AI and blockchain has already changed the world of luxury property

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In the world of luxury property, discretion is as valuable as the splendid homes themselves. Wealthy people prioritise privacy and bespoke services over anything else, so the property industry has to be up to date with the latest technology that can deliver this.

Technology is often associated with the invasion of our privacy, but there are ways it can enhance it by adding layers of confidentiality that enable estate agents to match properties with potential buyers in a more personalised, yet discreet way.

At my agency, Engel & Völkers, we operate one of the luxury real estate market’s most secure online platforms whereby only vetted clients can see the properties for sale. This addresses concerns of sellers who prefer to keep their high-value properties exclusive to serious, pre-qualified buyers, instead of anyone with access to Google.

The standard portals may not offer the desired level of discretion and privacy, but it is also a matter of security. Floorplans and pictures of interior details and more intimate spaces such as bedrooms and bathrooms, while helpful, can be sensitive, so we approach it on a case-by-case basis. The world wide web does not forget, so images of bedroom views and personal spaces will be available to view online long after the sale, which could represent a risk for the buyer. While many sales aren’t done on the open market, a secure website is another way to control who sees certain properties.

Artificial Intelligence (AI) and blockchain technology increasingly play a key role too. At the higher end of the housing market, buyers and sellers are used to customised services. AI can analyse a lot of information quickly, providing insights into client behaviour and potential matches, while maintaining confidentiality. For instance, instead of calling estate agencies all day to find a buyer for a six-bedroom house in Hampstead, AI can quickly analyse databases and identify a list of interested buyers whose requirements match the property.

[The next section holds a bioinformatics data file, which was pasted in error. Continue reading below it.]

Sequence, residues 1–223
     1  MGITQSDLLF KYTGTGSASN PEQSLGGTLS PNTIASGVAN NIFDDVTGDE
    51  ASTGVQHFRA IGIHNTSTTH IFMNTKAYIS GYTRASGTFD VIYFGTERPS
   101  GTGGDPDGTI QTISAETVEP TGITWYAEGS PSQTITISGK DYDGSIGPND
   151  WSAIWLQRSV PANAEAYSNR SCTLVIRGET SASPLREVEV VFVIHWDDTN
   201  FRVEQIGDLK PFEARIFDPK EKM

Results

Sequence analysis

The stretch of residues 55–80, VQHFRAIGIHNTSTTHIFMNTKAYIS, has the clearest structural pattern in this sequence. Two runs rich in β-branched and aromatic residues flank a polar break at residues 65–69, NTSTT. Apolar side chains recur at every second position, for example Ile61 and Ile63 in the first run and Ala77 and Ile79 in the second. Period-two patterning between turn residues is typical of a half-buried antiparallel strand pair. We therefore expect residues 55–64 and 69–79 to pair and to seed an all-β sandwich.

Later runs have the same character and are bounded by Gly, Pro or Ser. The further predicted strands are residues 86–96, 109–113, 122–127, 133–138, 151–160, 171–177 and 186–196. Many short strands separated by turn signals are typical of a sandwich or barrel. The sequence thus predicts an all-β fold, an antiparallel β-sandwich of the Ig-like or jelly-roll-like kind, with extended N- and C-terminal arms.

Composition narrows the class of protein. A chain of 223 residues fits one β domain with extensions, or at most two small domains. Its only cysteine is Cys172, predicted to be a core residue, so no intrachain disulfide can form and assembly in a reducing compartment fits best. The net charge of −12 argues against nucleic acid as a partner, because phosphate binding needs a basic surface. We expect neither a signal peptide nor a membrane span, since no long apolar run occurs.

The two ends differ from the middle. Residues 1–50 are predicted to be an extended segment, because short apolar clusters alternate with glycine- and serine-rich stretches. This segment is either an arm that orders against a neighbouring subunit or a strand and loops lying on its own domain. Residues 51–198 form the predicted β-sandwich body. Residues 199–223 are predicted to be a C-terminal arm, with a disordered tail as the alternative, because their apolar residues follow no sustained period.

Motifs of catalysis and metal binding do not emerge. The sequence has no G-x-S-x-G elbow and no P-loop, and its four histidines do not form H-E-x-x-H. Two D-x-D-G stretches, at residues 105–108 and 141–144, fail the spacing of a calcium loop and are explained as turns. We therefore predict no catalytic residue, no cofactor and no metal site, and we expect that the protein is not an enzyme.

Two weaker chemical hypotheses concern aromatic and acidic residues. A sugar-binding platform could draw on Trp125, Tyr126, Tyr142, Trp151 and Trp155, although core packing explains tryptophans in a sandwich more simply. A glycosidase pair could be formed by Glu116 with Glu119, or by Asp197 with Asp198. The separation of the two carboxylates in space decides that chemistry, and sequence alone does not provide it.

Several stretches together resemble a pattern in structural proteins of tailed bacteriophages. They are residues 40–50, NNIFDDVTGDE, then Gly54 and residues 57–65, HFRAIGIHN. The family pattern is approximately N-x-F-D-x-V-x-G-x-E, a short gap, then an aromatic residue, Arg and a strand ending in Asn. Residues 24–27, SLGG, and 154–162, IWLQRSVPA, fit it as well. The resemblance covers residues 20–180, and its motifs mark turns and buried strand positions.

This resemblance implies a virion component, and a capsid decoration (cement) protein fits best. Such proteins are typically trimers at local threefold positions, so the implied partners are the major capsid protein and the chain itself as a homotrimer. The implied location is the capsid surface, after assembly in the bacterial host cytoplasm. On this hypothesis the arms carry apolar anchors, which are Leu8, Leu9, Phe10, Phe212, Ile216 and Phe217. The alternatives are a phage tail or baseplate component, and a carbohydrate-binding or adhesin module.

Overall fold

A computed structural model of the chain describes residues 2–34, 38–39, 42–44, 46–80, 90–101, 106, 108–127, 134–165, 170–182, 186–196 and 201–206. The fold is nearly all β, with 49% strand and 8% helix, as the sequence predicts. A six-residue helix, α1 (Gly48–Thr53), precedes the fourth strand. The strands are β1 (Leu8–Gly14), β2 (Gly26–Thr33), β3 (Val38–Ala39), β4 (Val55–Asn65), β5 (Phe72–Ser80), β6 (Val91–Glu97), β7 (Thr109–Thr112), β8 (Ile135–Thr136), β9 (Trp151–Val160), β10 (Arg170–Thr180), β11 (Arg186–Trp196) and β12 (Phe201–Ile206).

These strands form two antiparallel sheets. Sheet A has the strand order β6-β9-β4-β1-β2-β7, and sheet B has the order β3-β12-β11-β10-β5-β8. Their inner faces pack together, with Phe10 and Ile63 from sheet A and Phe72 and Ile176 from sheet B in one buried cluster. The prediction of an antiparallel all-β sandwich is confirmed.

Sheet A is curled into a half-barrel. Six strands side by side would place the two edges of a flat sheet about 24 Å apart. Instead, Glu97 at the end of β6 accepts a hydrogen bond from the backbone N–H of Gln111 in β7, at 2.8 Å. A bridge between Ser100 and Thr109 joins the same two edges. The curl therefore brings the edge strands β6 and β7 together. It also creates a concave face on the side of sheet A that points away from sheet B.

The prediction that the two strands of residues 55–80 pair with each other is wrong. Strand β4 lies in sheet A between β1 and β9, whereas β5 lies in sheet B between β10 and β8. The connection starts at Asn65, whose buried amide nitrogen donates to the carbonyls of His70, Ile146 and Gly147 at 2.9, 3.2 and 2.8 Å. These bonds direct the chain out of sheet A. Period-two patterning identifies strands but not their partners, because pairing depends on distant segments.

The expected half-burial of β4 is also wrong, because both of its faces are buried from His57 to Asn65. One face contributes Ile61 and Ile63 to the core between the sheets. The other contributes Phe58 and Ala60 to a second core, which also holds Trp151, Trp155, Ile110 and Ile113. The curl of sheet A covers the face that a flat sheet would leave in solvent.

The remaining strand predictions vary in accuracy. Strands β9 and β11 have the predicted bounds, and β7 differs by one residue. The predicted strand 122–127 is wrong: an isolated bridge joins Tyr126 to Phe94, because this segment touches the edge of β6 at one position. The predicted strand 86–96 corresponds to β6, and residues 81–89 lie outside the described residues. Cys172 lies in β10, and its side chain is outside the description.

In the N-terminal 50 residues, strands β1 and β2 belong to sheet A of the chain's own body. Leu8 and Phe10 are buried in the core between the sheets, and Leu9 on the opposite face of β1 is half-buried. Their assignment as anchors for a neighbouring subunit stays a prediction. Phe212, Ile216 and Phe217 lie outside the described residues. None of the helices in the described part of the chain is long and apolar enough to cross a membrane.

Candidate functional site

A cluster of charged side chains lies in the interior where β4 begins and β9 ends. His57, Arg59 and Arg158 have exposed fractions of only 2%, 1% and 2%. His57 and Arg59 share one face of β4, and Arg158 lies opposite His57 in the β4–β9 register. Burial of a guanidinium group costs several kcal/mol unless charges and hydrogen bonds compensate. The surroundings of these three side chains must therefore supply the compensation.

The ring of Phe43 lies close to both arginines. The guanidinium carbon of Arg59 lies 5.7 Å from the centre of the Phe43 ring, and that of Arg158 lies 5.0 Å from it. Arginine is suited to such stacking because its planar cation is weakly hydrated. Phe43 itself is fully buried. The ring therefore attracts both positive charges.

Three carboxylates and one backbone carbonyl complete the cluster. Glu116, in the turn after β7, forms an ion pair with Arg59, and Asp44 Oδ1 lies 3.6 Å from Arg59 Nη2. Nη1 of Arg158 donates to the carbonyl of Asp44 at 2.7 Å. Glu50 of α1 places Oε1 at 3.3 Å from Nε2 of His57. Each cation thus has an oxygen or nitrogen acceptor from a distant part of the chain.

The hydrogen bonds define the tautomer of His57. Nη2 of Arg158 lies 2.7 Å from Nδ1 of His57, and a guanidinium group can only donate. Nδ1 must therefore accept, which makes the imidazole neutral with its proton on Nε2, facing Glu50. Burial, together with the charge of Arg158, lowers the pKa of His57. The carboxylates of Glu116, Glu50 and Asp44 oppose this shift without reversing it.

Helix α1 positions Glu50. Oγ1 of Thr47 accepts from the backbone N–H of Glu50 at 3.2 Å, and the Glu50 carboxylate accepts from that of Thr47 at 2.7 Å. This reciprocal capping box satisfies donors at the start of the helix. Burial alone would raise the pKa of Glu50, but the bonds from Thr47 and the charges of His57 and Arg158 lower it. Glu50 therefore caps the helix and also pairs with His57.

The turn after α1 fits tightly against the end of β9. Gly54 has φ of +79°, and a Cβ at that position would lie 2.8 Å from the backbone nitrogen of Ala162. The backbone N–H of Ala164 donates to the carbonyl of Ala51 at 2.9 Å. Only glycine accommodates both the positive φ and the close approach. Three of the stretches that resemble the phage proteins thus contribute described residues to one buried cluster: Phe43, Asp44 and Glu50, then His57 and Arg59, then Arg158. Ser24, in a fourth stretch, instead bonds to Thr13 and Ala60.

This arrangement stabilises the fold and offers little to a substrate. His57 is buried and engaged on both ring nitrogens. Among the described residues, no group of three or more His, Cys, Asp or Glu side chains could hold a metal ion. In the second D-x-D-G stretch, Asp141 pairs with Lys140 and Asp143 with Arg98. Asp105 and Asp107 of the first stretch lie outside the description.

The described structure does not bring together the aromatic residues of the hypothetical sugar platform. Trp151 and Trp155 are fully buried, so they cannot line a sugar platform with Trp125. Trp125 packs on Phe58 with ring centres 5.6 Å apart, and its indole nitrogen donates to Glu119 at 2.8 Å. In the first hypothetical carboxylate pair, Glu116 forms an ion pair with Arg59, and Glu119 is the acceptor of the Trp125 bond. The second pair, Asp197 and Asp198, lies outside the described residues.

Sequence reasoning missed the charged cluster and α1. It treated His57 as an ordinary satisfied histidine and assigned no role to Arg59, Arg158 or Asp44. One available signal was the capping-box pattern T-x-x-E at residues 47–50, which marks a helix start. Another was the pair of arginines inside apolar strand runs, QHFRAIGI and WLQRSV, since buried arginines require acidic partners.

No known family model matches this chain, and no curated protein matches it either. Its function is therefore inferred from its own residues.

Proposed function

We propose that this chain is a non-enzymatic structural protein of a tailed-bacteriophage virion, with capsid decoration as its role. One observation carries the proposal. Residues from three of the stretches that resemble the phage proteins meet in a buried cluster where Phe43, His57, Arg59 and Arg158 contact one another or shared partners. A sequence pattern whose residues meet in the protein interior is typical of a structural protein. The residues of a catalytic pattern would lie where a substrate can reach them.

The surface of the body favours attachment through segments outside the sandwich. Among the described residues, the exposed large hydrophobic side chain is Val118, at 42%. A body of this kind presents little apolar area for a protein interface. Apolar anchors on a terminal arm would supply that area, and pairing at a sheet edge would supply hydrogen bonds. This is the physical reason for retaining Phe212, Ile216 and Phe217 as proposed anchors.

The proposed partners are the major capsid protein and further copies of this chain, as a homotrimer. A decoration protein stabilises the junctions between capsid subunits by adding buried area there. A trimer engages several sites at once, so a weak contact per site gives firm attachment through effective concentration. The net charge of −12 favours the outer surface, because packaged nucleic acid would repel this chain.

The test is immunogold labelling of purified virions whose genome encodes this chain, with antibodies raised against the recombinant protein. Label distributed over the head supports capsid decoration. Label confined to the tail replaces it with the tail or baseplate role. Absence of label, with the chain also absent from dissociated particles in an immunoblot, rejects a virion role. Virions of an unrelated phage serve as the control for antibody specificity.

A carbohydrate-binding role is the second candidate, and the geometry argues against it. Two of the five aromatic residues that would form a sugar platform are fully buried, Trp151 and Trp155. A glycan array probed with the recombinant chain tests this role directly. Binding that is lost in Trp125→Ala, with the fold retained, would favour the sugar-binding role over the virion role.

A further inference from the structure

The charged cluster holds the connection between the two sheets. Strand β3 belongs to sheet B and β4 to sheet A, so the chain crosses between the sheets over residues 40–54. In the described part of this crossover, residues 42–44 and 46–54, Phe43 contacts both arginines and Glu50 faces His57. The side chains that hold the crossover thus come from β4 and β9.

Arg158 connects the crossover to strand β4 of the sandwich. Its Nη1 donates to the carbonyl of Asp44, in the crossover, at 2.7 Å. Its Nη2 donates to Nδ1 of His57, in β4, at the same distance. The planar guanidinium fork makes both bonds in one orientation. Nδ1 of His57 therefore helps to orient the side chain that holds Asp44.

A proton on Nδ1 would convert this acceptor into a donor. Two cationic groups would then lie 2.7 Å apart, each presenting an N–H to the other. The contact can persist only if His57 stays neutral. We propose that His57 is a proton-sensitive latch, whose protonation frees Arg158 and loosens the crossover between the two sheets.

This benefits us as it saves time so that we reduce the number of shared listings. Thanks to predictive analysis, we can curate a unique portfolio of properties that aligns perfectly with buyers’ specific expectations. In a world where wealthy clients increasingly demand this level of service, AI is set to fundamentally transform the luxury real estate market.

Meanwhile, blockchain provides a transparent and secure way of recording transactions. While it doesn’t replace the Land Registry, it adds an invaluable layer of security and efficiency which makes it significantly harder to hide illicit activity. Even though forming a company to purchase property is possible, the transparency of the blockchain means that all transactions are traceable, making it a potentially powerful tool in combating the flow of illicit money in the property market.

These technological advancements are not perceived as threats, rather they are considered to be tools that enhance the traditional role of the luxury real estate agent. Although there is some debate about the role of AI in the industry, it’s generally seen as an instrument to amplify the services we offer, not as a replacement for human agents. In a sector where human engagement, intuition and expertise are crucial, we are learning to harness these digital tools to ensure our services are as efficient, personal and private as possible, therefore enhancing the overall client experience in a secure environment.

As the property market evolves, so must our strategies. We aim to seamlessly blend technology with the human touch, offering clients an efficient and personalised experience which will truly define the future of the luxury property market.

Maximilian Stamm is the managing director and head of private office at estate agency Engel & Völkers

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